Miranda July’s Me and You and Everyone We Know from 2005 is an exploration into the minds of eccentrics and by extension a subsequent exploration into the eccentric part of all of us that is seemingly at odds with our more rational expressions of selfhood.
It is ultimately about how our eccentricities our tied into the formation of our consciousness and how we use these expressions of eccentricity (or perhaps those aspects of ourselves that make us unique) in order to make connections with each other. In essence, it could be said that it’s an exploration of loneliness and how people are able to overcome this by opening the more fragile parts of ourselves to others.
In this way, the genius of a person comes not from their immediate successes (as is shown by Miranda July’s character being constantly shunned by the artistic community for her odd multi-media projects or John Hawkes’ character’s isolation from his family) but rather for how our high expressions of selfhood in the forms of art or in other forms of self-realization (Brandon Ratcliffe as Robby’s naive and child-like acceptance of the curator’s fetish is an act of self-realization in that he learns there are multitudinous ways of expressing attraction.). Schopenhauer tackles this in The World as Will and Representation by stating:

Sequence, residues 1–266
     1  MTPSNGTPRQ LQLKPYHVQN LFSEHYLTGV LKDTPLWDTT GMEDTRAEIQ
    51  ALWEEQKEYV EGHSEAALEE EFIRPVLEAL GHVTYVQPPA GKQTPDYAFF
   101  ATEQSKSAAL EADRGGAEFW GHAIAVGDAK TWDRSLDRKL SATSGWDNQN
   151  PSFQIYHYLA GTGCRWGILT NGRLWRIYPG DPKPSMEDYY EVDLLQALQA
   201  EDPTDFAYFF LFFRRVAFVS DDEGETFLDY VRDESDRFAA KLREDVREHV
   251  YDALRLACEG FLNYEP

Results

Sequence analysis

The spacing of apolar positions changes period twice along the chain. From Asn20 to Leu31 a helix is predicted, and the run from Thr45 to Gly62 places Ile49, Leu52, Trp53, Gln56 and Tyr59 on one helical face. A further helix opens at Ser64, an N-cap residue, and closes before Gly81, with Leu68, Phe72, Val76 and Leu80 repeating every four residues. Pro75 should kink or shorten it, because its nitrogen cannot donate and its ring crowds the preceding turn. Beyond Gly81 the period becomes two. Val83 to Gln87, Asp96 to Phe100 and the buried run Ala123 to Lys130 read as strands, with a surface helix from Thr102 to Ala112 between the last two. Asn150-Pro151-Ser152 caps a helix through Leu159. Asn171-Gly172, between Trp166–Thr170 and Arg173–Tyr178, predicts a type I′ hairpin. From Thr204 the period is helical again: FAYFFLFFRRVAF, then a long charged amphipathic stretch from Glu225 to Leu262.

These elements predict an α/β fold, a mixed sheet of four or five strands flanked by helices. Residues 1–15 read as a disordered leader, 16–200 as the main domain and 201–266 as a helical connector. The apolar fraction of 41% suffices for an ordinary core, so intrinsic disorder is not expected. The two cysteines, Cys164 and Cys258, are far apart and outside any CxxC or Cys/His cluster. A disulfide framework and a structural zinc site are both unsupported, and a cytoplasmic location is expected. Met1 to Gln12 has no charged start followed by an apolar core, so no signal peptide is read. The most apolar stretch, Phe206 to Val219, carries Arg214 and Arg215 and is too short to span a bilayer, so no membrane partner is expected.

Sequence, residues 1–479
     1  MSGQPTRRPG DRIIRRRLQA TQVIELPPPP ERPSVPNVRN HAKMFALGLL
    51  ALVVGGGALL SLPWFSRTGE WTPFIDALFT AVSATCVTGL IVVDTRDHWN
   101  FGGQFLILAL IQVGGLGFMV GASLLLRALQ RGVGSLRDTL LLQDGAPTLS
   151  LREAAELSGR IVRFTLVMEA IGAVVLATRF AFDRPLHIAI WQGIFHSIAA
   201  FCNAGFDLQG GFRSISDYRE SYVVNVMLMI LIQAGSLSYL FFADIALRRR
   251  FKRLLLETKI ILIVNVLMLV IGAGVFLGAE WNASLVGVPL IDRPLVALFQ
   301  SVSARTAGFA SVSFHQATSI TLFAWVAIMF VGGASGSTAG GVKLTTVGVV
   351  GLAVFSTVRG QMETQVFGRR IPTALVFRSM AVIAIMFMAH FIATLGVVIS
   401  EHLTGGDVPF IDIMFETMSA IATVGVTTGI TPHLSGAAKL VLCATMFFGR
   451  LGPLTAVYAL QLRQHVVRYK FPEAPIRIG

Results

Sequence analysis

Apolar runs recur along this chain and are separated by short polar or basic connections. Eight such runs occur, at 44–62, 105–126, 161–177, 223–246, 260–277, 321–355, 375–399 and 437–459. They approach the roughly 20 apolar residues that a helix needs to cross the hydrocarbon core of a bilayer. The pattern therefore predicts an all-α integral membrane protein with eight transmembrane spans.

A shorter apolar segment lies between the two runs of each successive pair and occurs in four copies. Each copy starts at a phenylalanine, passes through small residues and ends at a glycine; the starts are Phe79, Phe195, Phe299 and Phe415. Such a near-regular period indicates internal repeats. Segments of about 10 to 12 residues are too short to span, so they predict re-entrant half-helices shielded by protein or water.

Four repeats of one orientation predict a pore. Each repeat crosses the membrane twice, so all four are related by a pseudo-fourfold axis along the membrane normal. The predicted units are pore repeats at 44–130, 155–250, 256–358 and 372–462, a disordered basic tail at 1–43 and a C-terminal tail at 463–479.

“That books do not take the place of experience, and that learning is no substitute for genius, are two kindred phenomena; their common ground is that the abstract can never take the place of the perceptive.”
In understanding that abstractions cannot take the place of interactions, Miranda July is able to institute a Schopenhauerian worldview within her film that acknowledges the need for experience and connection over a simply abstract isolation.